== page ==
By Salusbury, Matt
History Today , Vol. 59, No. 12
It was a public holiday celebrated around December 25th in the family home. A time for feasting, goodwill, generosity to the poor, the exchange of gifts and the decoration of trees. But it wasn't Christmas. This was Saturnalia, the pagan Roman winter solstice festival. But was Christmas, Western Christianity's most popular festival, derived from the pagan Saturnalia?
The first-century AD poet Gaius Valerius Catullus described Saturnalia as 'the best of times': dress codes were relaxed, small gifts such as dolls, candles and caged birds were exchanged.
Saturnalia saw the inversion of social roles. The wealthy were expected to pay the month's rent for those who couldn't afford it, masters and slaves to swap clothes. Family households threw dice to determine who would become the temporary Saturnalian monarch. The poet Lucian of Samosata (AD 120-180) has the god
Cronos (Saturn) say in his poem, Saturnalia: 'During my week the serious is barred: no business allowed. Drinking and being drunk, noise and games of dice, appointing of kings and feasting of slaves, singing naked, clapping ... an occasional ducking of corked faces in icy water--such are the functions over which I preside.'
Saturnalia originated as a farmer's festival to mark the end of the autumn planting season in honour of Saturn (satus means sowing). Numerous archaeological sites from the Roman coastal province of Constantine, now in Algeria, demonstrate that the cult of Saturn survived there until the early third century AD.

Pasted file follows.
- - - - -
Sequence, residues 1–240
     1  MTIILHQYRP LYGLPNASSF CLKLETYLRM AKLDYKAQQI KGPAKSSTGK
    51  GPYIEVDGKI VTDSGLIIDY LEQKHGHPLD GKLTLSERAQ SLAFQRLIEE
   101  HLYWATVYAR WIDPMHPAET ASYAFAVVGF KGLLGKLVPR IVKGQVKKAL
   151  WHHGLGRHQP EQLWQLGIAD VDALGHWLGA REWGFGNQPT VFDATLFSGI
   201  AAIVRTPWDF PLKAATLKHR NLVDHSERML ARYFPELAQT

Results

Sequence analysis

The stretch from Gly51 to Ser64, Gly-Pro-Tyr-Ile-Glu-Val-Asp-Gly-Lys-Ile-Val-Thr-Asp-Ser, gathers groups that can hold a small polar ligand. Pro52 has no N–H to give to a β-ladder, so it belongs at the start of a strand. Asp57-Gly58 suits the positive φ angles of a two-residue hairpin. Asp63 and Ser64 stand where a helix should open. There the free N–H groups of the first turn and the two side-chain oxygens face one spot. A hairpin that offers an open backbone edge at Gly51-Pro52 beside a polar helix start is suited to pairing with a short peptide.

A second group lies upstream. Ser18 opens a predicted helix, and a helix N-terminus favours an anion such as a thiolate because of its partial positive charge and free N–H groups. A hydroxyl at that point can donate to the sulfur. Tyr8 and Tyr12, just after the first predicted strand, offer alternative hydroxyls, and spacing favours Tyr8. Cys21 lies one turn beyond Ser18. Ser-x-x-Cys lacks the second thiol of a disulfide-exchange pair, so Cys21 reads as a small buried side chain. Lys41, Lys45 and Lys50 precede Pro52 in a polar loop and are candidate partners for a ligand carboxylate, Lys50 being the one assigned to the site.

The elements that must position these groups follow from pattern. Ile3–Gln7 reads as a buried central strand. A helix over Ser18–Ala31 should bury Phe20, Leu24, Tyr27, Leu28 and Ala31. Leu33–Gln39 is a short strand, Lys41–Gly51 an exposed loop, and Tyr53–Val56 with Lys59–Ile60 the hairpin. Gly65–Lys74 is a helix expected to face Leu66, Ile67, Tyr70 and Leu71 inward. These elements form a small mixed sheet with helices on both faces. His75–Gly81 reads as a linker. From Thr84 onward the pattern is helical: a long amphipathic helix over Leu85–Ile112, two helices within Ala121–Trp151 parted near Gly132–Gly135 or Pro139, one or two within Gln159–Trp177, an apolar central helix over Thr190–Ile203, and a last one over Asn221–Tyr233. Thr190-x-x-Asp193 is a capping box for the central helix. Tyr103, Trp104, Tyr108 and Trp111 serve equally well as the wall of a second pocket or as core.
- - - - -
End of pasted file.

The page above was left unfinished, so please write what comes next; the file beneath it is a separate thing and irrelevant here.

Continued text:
Saturnalia grew in duration and moved to progressively later dates under the Roman period. During the reign of the Emperor Augustus (63 BC-AD 14), it was a two-day affair starting on December 17th. By the time Lucian described the festivities, it was a seven-day event. Changes to the Roman calendar moved the climax of Saturnalia to December 25th, around the time of the date of the winter solstice.
From as early as 217 BC there were public Saturnalia banquets. The Roman state cancelled executions and refrained from declaring war during the festival. Pagan Roman authorities tried to curtail Saturnalia; Emperor Caligula (AD 12-41) sought to restrict it to five days, with little success.
Emperor Domitian (AD 51-96) may have changed Saturnalia's date to December 25th in an attempt to assert his authority. He curbed Saturnalia's subversive tendencies by marking it with public events under his control. The poet Statius (AD 4595), in his poem Silvae, describes the lavish banquet and entertainments Domitian presided over, including games which opened with sweets, fruit and nuts showered on the crowd and featuring flights of flamingos released over Rome. Shows with fighting dwarves and female gladiators were illuminated, for the first time, into the night.
The conversion of Emperor Constantine to Christianity in AD 312 ended Roman persecution of Christians and began imperial patronage of the Christian churches. But Christianity did not become the Roman Empire's official religion overnight. …